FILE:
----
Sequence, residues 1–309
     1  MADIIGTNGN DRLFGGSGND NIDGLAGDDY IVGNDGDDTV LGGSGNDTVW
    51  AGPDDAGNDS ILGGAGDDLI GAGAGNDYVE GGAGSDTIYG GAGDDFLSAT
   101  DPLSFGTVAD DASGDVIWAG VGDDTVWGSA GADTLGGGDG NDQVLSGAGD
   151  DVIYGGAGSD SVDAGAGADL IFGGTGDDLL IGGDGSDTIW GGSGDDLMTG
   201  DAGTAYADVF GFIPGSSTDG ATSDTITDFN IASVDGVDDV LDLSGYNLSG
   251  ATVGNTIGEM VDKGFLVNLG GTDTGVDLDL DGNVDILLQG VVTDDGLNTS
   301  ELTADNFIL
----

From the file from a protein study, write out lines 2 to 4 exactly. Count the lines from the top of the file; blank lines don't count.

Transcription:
     1  MADIIGTNGN DRLFGGSGND NIDGLAGDDY IVGNDGDDTV LGGSGNDTVW
    51  AGPDDAGNDS ILGGAGDDLI GAGAGNDYVE GGAGSDTIYG GAGDDFLSAT
   101  DPLSFGTVAD DASGDVIWAG VGDDTVWGSA GADTLGGGDG NDQVLSGAGD